“To many, ink spread across newsprint pages seems old-fashioned and destined to disappear. This conventional wisdom has become so pervasive that you can buy the nation’s second-largest newspaper group, Knight-Ridder, for a price that would have seemed an unimaginable bargain only a few years ago. But while that kind of thinking might be good for our company — we were the buyer, after all — it’s wrong. The fact is, newspapers are still among the best media businesses – and the most important.

“Even the biggest bears among newspaper analysts acknowledge that the companies still make good money. Their rap is that we’re losing readers so fast that the good times can’t last. But are we in a precipitous decline? The answer is no. Certainly, we’ve seen a gradual decline in the number of newspapers sold over a 40- or 50-year time-frame. More recently, circulation began dropping at a rate of 1% every year from 1990 to 2002. Certainly as a percentage of households, newspaper readership has fallen considerably. Meantime, total newspaper advertising volume peaked in 2000 and has slipped 4%, according to the Newspaper Association of America.

“However, no competitor in local markets has held onto audience as well as newspapers have. Others proliferate — more TV channels, more radio stations, infinitely more Web sites — but the number of daily papers stays steady. While we rarely face direct competition, our competitors see more all the time.

“Surveys show 54% of [US] adults read a newspaper yesterday. On an average Sunday, the number is closer to 60%. Even among young people, supposedly lost to newspapers forever, 39% read weekday papers and 49% read on Sunday. But what about the future? While it may seem counterintuitive to suppose that a company founded before the advent of electric lights would be a media leader in the age of blogs, podcasts and text messaging, that’s exactly what has happened. We certainly have competition from Google and others. But in each of the communities where we compete, almost every newspaper has the largest news staff, largest sales force, biggest audience and greatest share of advertising in its market. Whether it’s on the Internet or off the presses, we are capturing that business.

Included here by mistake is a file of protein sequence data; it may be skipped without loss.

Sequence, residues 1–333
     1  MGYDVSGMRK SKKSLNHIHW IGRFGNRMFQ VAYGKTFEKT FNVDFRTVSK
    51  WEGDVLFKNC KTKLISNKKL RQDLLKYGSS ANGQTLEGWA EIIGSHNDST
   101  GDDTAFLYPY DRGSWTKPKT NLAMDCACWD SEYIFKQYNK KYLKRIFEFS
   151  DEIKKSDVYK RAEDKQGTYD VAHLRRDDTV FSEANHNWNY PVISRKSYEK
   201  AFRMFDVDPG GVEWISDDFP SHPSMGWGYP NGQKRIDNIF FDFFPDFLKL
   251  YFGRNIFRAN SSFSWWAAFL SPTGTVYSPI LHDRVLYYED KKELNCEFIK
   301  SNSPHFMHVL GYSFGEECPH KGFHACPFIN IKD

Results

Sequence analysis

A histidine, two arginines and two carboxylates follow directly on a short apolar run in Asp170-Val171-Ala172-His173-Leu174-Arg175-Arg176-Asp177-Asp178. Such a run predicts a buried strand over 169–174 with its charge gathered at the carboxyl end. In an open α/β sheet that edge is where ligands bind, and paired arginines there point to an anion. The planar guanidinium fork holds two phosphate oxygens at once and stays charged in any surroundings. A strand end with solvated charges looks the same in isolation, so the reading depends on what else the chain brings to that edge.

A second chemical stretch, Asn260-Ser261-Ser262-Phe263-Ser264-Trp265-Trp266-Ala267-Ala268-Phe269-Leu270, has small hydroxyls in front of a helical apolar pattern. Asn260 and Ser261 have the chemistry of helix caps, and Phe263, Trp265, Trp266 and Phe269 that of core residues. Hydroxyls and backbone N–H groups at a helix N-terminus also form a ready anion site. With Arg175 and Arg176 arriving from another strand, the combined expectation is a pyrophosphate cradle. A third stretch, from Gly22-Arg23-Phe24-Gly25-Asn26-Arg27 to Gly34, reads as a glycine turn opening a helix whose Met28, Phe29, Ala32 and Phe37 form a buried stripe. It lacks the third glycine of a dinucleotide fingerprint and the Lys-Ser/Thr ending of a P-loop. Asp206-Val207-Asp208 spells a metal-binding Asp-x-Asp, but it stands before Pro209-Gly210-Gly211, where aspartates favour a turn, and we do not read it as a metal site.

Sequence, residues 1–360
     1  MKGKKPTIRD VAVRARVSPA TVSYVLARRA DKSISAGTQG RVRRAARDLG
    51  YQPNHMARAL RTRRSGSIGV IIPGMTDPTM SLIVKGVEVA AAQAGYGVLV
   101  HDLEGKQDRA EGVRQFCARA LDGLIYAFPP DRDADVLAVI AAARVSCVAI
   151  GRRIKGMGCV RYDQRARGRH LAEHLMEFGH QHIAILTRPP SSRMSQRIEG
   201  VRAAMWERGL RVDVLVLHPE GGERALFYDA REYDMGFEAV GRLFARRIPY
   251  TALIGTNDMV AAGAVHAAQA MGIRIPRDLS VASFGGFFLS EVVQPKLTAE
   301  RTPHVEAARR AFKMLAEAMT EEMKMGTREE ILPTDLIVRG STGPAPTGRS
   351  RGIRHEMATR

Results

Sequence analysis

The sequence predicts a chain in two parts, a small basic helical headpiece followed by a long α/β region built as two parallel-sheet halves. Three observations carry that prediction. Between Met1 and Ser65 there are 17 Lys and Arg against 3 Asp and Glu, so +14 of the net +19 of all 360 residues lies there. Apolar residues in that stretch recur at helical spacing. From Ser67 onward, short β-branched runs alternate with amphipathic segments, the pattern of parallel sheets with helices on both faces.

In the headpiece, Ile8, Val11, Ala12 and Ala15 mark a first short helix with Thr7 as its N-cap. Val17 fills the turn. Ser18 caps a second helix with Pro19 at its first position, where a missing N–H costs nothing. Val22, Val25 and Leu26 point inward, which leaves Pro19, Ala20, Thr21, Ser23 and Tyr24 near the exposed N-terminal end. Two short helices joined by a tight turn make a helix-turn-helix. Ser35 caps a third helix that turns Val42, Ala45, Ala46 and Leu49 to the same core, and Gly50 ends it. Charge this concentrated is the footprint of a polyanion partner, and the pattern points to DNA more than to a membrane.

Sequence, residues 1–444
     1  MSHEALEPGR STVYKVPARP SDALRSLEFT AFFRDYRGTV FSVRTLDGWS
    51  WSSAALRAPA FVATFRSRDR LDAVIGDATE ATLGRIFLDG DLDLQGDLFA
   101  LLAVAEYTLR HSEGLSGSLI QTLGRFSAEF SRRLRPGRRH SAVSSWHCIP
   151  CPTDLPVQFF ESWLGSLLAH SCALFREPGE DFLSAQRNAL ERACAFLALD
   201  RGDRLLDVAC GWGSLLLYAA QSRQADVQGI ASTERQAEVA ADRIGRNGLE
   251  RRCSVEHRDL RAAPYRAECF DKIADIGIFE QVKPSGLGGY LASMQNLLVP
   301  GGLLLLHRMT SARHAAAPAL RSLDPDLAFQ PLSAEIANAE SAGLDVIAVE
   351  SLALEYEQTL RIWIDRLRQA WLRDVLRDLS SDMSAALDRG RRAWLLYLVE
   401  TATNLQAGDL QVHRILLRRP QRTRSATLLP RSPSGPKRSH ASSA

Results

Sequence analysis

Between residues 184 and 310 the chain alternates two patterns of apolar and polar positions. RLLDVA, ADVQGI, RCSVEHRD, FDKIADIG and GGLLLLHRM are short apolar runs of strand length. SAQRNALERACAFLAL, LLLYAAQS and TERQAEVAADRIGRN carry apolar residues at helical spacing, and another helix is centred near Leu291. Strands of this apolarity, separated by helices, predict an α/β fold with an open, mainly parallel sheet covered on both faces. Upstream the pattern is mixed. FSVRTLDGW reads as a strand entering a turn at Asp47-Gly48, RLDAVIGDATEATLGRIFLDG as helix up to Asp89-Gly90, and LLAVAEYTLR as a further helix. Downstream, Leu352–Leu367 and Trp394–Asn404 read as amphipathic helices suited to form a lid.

“Adding the unduplicated reach of newspaper Web sites to newspaper readership shows that, far from shrinking, our audiences are growing steadily. Simply put,more people want our products today than wanted them yesterday; this is hardly the profile of a dying industry. But of course our products have changed as we have all been forced to adapt. Today’s daily newspaper is the engine driving a multimedia company that includes popular Web sites, foreign language publications, direct marketing initiatives and much more. Replacing the notion of “readers” with “audiences,” we’re fast becoming multi-platform, 24/7 news companies — and it’s working.

People in the newspaper industry have a lot riding on this – our jobs and reputations, for starters; but the stakes for society are far higher. Self-government depends on continuous civic conversation, which in turn depends on people having a common vocabulary. Without a shared sense of what the problems are, there’s little hope of finding solutions. That shared middle — a place where people basically agree about the facts and the issues, even if they differ over what to do about them — is where we believe our responsibilities as newspaper owners lie. And it is under assault by spinmeisters, partisans and ideologues. They all have their place in a democracy — but it is not in the centre. Our place is.

“Employing the extraordinary tools of the digital, interactive era means we can get better at this: more transparent, better listeners, open to hear more voices.Of course we have to change, but changing is a fundamental part of our heritage, the result of a 400-year evolution that has weeded out the brittle and the rigid no less ruthlessly than Mother Nature. We survivors are evolving still and employing new tools to leapfrog forward. Yet we still hear voices prophesying our impending doom. A favourite cartoon of mine shows a character explaining why: ‘I’ve been forecasting the demise of newspapers for 30 years,” he says. “If I change now I’ll lose all credibility.’

Private Label Research

New U.S. private label research from ACNielsen, Daymon Worldwide, DemandTec and McKinsey, released earlier this month, aimed to demonstrate how retailers can build profitable customer loyalty and competitive differentiation though private label brands.

Key insights (from the portion of the study developed by ACNielsen):

  1. Retailers with greater focus on private label (i.e., those with higher overall private label shares) are effectively shaping more positive consumer attitudes towards private label products and encouraging more solid buying behaviours as a result.
  2. While heavier private label buyers offset “branded” spending with private label spending, they are in stores more often, buying both private label and branded products, providing retailers with opportunities to drive store loyalty.
  3. Heavier private label buyers offset branded spending with private label buying – enabling consumer savings and allowing retailers to compete in a “value-oriented” environment.
  4. Study findings suggest an opportunity to narrow existing price relationships between private label and branded products.
  5. Consumers who spend the most at retail have a weaker private label commitment, but these are also the consumers where private label sales opportunities are the greatest – suggesting a need for greater focus on premium private label offerings.